Tuesday, September 18, 2007

The Bicycle Adaptation Strategy

I live in a location where many hundreds of cyclists ride by on a nice weekend day. Lance Armstrong really helped sell a lot of bikes around here. Most of these riders are "weekend warriors" only. A relative few of them ride bikes to work or to visit friends or to run errands.

Still, over the past year I've noticed a rise in the number of daily commuters riding by every weekday morning. And the Marin Bicycling Coalition reported a steep rise in the number of riders on Bike to Work Day.

Marin County cyclists broke the record this year by riding on the morning of Bike to Work Day – 3000 cyclists were counted at Marin’s 17 Energizer Stations on May 17 – almost 1300 more than last year! We know there were many more folks riding than were counted, and we applaud you too.
The Coalition also reports that over $30 million have been allocated for bike route enhancements to come. I assume plenty of analysis went into the decisions that granted those funds. It seems that the UK has done such an assessment on the national level.

As Treehugger reports, a study done in the UK found that "Spending money on encouraging cyclists could actually save the government money." The monetary benefits of less traffic congestion and better health could offset the cost of developing better bike-supportive infrastructure even if it led to only a 20% increase in the number of bike trips.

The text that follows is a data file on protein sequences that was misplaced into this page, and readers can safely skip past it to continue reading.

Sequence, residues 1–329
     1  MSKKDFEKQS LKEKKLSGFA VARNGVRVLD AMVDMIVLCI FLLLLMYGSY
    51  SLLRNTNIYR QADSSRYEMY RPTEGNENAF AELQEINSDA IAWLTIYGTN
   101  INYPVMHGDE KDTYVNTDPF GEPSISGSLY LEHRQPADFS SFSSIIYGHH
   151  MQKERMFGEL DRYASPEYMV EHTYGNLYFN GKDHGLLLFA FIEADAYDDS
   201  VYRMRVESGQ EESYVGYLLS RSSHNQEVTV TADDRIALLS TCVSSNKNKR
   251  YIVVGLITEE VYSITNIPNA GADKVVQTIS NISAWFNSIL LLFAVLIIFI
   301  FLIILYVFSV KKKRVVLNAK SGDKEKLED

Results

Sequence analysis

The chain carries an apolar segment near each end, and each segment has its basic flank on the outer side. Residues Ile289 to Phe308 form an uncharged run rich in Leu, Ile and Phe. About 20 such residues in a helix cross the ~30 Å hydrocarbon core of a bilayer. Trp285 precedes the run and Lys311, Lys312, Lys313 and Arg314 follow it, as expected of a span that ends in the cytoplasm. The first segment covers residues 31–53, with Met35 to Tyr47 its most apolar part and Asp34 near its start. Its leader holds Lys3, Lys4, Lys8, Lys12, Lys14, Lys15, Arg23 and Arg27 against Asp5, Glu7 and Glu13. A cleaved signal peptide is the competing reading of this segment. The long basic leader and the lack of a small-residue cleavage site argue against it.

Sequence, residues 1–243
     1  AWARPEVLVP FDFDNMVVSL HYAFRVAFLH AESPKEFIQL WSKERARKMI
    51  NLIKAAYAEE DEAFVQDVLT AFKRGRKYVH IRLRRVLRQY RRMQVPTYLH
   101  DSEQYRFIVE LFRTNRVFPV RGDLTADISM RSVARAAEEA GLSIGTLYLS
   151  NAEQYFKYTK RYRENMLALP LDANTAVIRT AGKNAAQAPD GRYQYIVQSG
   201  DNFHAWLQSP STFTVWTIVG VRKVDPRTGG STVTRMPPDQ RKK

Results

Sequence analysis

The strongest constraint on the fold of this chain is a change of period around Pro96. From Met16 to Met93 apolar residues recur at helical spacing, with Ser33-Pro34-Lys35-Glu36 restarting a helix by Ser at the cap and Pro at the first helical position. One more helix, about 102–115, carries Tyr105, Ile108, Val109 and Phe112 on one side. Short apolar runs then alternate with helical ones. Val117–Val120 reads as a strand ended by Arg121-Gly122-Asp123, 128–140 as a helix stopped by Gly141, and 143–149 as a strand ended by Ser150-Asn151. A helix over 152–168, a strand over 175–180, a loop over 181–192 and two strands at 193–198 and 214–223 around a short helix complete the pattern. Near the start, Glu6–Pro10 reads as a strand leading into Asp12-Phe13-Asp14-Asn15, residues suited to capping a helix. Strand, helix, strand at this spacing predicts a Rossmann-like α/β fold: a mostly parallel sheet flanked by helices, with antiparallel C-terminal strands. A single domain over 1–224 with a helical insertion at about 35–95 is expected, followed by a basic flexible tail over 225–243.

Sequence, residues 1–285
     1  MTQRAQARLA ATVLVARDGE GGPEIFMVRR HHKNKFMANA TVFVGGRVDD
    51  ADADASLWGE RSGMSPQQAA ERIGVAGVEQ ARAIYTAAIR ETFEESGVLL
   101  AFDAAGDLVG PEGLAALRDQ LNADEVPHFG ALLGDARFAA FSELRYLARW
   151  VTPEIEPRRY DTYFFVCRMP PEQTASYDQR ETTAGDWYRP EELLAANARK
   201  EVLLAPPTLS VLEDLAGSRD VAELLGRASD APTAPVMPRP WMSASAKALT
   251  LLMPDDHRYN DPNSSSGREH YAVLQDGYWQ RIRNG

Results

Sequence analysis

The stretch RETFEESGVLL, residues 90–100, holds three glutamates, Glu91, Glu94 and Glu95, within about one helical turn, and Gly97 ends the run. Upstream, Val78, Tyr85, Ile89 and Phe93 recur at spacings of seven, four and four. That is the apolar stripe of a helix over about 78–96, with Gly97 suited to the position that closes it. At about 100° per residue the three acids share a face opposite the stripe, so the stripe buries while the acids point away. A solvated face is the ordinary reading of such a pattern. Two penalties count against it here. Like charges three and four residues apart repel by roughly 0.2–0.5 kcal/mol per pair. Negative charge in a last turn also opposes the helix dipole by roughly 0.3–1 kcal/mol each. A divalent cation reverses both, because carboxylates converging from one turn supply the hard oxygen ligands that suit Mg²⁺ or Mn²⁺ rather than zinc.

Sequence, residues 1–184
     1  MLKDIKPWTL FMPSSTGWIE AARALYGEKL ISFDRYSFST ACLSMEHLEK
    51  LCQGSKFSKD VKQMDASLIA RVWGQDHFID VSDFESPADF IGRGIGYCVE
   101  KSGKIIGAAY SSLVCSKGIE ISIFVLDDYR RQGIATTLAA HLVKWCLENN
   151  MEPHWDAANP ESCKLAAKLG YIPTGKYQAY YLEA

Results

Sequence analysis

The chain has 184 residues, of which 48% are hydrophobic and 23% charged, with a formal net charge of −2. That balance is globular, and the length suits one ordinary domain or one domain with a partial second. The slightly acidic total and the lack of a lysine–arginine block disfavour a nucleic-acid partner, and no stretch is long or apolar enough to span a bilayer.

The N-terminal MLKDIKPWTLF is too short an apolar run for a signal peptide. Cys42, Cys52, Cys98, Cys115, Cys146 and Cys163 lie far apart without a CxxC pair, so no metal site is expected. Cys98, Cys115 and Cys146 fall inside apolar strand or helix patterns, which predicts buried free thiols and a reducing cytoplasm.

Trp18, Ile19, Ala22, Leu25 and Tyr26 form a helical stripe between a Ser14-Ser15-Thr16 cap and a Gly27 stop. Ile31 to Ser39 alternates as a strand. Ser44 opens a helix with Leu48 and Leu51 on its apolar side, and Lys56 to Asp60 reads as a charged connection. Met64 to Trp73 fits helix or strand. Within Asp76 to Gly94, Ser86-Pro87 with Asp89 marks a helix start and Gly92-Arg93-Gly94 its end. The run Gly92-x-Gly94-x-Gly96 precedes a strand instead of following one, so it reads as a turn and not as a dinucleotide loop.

According to the report, each cyclist saves the NHS £28.30 every year, by not having as many heart attacks and other problems. Cycling in London is quite dangerous though, so the average cyclist probably costs the NHS some money in broken legs and other taxi-related illnesses.

Professor Stephen Glaister, an Imperial College London transport expert, warned that, "It is certainly a problem we face in London in that we have succeeded in encouraging more cycling but more cyclists are exposed to death and injury as a result."

Well, sure, but that's why you invest in building safer bike lanes and bike paths to reduce the risk to riders. You'll attract more people back into the habit if it you make it safer. Being a cyclist, I know from experience that one accident or near miss can spook you right off the bike.
The Department for Transport maintains statistics, which show a decline from 1997 to 2005 in cycling in the UK. The average distance travelled per person, per year by bicycle fell 7 miles to 36 miles.

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